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Thursday, February 23, 2012

Hunting Iguanas To Save A Butterfly

Biologist Jim Duquesnel gets up every day to do two things. First, find a Miami Blue Butterfly. Then, rid the Florida Keys of the Green Iguana, the invasive reptile he says is driving the Miami Blue to the edge of extinction.

Once a thriving species on Bahia Honda island, no one has seen a Miami Blue since July 2010.

The U.S. Fish and Wildlife Service has listed the butterfly as an endangered species. The reason? The invasive Green Iguana has no predators in the Keys, its numbers are growing and it is eating the leaves of the Nickerbean Blue plant, the same leaves where the Miami Blue lays its eggs.

Duquesnel hunts the iguanas in the hope that if there are any Miami Blues left on the island, they’ll have a chance at survival.

Guest:

  • Jim Duquesnel, biologist who runs the Miami Blue Recovery Project at the Bahia Honda State Park in the Florida Keys

Please follow our community rules when engaging in comment discussion on this site.
  • Travis M

    Robin,

    Both you and your guest totally mispronounced the name of the island. The correct pronunciation is bah-EE-a OWN-da (CAPS indicate the syllable that should be emphasized.)

    • Jim D

      Too funny. It’s like I told Robin in our interview, while listening to her test the various pronunciations…  “if you want to start a fight at the bar tonight, start a conversation about how “Bahia Honda” should be pronounced. ”

      How about “Islamorada?”  EEZ-lah-mor-ah dah” anyone? You’ll get laughed at behind your back as locals wink… “obviously a tourist.”

      Wanna try “Cayo Huesa?” Our Anglicized corruption of the pronunciation completely loses the original meaning of the place name (Island of Bones). 

      I will leave it up to the folks at Websters and other dictionaries to figure out when popular use officially warrants adoption of a mispronounces place name.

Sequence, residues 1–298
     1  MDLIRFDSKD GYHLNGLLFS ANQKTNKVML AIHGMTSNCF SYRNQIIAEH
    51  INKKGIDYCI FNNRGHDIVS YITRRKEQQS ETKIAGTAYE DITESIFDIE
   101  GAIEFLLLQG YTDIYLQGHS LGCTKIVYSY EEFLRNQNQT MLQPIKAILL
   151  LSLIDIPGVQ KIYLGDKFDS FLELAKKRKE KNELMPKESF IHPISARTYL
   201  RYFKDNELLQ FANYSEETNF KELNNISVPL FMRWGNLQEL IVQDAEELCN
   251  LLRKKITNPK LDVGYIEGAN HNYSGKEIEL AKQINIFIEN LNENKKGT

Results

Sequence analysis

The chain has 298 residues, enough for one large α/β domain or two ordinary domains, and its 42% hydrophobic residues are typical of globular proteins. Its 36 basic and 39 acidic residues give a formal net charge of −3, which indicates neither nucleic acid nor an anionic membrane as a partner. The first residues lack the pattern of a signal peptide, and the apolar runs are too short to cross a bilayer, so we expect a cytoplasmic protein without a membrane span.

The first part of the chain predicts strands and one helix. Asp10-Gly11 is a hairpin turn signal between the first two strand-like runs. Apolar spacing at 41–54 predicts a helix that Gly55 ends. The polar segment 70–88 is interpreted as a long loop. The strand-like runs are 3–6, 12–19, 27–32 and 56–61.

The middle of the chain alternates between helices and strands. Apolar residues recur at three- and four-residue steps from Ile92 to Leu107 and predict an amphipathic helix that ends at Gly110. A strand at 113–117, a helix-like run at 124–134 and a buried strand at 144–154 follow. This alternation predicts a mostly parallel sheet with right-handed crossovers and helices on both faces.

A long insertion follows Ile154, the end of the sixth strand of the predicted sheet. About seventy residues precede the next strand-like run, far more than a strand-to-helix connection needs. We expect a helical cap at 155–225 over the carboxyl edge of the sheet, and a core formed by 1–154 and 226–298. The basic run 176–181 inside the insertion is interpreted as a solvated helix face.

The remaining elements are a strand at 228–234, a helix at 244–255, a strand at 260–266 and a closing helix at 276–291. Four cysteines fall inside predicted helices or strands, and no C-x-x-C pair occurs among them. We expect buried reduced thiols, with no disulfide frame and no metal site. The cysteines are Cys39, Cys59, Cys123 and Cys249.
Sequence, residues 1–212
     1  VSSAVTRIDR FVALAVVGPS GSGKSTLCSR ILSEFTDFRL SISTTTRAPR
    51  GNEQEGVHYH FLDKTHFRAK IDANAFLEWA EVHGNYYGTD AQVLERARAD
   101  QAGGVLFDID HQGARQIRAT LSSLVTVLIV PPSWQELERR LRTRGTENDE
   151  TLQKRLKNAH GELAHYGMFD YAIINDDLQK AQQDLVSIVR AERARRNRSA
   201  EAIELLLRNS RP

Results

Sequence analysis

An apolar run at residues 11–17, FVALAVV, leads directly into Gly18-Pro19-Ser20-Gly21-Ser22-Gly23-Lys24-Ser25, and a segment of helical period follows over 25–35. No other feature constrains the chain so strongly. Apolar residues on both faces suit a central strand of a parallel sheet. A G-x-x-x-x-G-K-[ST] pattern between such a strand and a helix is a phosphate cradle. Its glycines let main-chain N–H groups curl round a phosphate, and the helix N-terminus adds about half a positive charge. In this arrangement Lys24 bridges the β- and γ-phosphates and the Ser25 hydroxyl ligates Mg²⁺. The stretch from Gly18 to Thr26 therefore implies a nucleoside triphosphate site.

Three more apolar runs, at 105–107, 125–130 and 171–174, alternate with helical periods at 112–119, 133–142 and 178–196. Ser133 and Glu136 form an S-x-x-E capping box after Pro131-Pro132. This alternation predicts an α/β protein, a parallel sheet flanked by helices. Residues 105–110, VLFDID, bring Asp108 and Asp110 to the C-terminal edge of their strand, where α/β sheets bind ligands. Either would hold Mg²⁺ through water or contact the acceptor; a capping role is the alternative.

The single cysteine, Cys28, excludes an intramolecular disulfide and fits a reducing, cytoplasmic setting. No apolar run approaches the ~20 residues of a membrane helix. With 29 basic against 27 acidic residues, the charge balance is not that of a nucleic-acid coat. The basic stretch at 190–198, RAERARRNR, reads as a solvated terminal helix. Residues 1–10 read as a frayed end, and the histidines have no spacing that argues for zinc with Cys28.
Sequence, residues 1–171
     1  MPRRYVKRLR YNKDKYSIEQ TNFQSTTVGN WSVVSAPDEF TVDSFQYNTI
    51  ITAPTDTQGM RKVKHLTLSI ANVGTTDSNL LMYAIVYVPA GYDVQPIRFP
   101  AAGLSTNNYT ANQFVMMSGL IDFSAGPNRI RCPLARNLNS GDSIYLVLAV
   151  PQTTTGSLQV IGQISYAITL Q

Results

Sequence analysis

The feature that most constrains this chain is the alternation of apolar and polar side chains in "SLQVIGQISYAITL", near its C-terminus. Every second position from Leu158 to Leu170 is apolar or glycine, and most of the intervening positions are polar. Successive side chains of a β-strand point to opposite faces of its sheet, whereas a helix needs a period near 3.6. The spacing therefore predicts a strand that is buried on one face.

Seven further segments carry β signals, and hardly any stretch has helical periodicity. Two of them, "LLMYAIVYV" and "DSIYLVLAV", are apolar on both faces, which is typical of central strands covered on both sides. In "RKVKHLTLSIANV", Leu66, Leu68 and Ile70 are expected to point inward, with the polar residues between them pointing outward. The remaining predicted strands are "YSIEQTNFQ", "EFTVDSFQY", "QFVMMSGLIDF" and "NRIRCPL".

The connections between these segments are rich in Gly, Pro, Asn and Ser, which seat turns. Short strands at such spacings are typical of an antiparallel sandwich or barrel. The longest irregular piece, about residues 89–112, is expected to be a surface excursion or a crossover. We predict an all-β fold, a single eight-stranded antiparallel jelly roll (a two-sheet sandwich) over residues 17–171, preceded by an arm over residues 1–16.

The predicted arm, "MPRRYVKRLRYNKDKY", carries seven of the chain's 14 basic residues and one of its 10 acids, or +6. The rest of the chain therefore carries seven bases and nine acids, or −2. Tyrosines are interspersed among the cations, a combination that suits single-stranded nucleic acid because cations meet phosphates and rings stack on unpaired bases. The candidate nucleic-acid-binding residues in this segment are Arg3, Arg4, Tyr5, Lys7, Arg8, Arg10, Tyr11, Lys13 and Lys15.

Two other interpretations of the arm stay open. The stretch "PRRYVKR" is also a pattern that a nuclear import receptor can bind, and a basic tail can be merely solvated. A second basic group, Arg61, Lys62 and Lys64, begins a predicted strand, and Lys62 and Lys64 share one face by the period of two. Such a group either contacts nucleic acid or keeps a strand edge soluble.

Many American place names are actually corruptions of names used by someone else.  I picked up the “BAY-ah hon-DA” version from my long-time Keys-resident hosts during my first visit back in 1977.  Decades later, I tried to change the way I say it – without any luck… it’s hardwired in.

      “Hah-va-NAH?” Or “HAY-va-nah?” Depends on whether you are in Cuba or Illinois. 

      See you at the chiki bar…  or is it CHEE-kee?

  • Laura

    I was shocked to hear on your station that Jim Duquesnel is capturing the Green Iguana, taking these animals from their homes, and either euthanizing them or turning them over to medical institutions for medical research.  That this behavior is allowed by the state of Florida is outrageous.  

  • Vicki

    I, too, was shocked to learn that the iguanas were being captured and euthanized or used for medical research.  I am certainly not a lizard lover, but these creatures, whether it is their original habitat or they were dumped by some ignorant pet owner, have every right to live out their natural lives in the wild — especially when Mr. Duquesnel can’t even guarantee that ridding the area of the iguanas will bring back the Miami Blue Butterfly.  How can a biologist condone such actions?

  • SCVA

    The way I see it, we can get rid of the lizards, or the humans who so thoughtlessly released them into a habitat they are destroying.  It’s the humans who can’t leave the iguanas where they belong in their natural ecosystems with natural predators.  Why should the butterflies have to pay for human stupidity, by dying out completely from their native habitat where they probably play a role greater than supplying pretty photos for this web page?  Every species, every day has to pay for human stupidity.  I’m glad this biologist is trying to restore this habitat because we don’t know enough to say that the butterflies are already gone, and they’re not worth saving anyway.  If the iguanas can no longer survive in captivity, blame the stupid pet owners who released them, and not the biologist who’s trying to do something worthwhile.

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